Every year the Christmas season begins for me when we cover the arrival of the Vatican Christmas tree. We go to the Vatican at dawn and film as an 18-wheeler, flat-bed truck rolls into St. Peter’s Square with the gigantic tree. We stand around stamping our feet in the chilly, damp air as men in hard hats run around preparing the tree to be lifted up by an enormous crane and placed on its spot in the middle of St. Peter’s Square. Nuns, Bishops, and tourists wander by and stop to stare at the operation.
I’ve done this little story for years now, but I never get tired of it. Last night I was covering the Italian Prime Minister announcing austerity cuts and the tears of the Minister of Welfare and Work as she talked about the cuts to pensions. (See post “Sacrifice and Tears”) So today Italians woke up a little blue. Me too. Somehow it seemed fitting that there was a big, heavy, grey raincloud hovering over the cupola on St. Peter’s Basilica. Occasionally a little burst of rain would pour down on us as we watched the workers pulling the blue wrappings off the tree and attaching chains and cables to lift it up.
This year’s tree was a spruce that came all the way from the Ukraine. Vatican officials indicated that it was over 25 meters tall and weighed nearly five tons. Tetiana Izhevska, the Ambassador from the Ukraine to the Vatican, was there and she explained to us that the tree came from a remote area of Ukraine called Transcarpathia and had to be taken out with the help of a helicopter.
Her country is the first former Soviet country to donate a Christmas tree to the Vatican since Pope John Paul II started the tradition in 1993, and I would say she was bursting with pride. This is what she told me:
“The Ukrainian people are very proud because it is our image, it proves that we are part of Europe and all our people, both the Orthodox and Catholic communities, all of them, are very proud, are very glad, because this tree is a symbol of life, symbol of hope, symbol of unity and Christmas joy”.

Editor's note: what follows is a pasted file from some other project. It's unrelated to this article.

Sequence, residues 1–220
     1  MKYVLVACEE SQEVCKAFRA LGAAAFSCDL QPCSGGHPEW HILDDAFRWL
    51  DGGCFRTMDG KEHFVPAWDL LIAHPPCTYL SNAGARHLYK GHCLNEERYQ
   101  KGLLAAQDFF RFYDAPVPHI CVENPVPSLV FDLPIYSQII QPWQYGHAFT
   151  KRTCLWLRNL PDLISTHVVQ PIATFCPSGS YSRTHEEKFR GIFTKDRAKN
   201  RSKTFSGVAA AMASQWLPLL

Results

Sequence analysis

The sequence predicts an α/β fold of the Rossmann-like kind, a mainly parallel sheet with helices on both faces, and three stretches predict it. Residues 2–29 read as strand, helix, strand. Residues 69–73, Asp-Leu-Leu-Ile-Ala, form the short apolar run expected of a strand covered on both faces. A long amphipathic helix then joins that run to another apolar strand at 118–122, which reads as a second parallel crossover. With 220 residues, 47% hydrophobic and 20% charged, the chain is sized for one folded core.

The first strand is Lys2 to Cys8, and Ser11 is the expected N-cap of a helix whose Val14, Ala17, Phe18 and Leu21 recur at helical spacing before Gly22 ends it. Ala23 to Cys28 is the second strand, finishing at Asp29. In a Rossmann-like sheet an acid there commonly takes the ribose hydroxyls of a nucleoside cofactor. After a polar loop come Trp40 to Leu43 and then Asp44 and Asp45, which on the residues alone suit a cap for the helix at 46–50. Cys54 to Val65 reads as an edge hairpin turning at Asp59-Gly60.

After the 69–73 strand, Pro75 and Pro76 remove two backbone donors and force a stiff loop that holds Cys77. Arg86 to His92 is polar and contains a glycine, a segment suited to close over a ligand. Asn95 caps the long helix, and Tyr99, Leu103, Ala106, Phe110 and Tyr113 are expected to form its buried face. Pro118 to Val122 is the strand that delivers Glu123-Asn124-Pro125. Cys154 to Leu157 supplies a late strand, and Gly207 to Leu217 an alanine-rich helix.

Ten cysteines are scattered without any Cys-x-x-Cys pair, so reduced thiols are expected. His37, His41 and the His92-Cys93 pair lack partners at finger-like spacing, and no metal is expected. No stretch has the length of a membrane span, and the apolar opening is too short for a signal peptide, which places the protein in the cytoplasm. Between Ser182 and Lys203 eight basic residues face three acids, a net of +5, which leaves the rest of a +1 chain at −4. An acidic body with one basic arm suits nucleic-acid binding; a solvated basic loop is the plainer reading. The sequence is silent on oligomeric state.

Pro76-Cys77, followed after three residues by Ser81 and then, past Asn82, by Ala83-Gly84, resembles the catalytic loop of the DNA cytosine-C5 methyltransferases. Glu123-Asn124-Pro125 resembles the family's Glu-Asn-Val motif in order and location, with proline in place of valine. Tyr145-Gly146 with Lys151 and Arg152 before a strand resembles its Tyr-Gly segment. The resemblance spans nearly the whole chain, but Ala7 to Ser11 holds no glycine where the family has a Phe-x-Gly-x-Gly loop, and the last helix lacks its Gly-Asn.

Ukraine is not a part of the European Union and it is interesting to me that the ambassador said that they are eager to prove they are part of Europe and proud to be so. I have not noticed much pride on the part of Italians and Greeks lately. Let’s hope the Ukrainians and others in Eastern Europe can breathe energy and enthusiasm into Western Europe.
Over the next week the tree will be decorated with 2,500 gold and silver balls and white and yellow LED lights. Vatican officials said these lights are energy efficient. Few people are aware but Pope Benedict XVI is probably the most environment-conscious Pope in history. Some people even call him the “Green Pope.” During his papacy he has had solar panels installed on the roof of a Vatican building (I climbed up on the roof and filmed them with a cameraman), and the Vatican has become carbon neutral, acquiring enough trees in a Hungarian national park to off-set the Vatican’s green-house gas emissions.
So it is the Economic Crisis Christmas. In Italy and at the Vatican they’re saving euros and saving energy.
Trisha is a TV journalist working for AP TV News in Rome. She is married to an Italian and is a Mamma of three.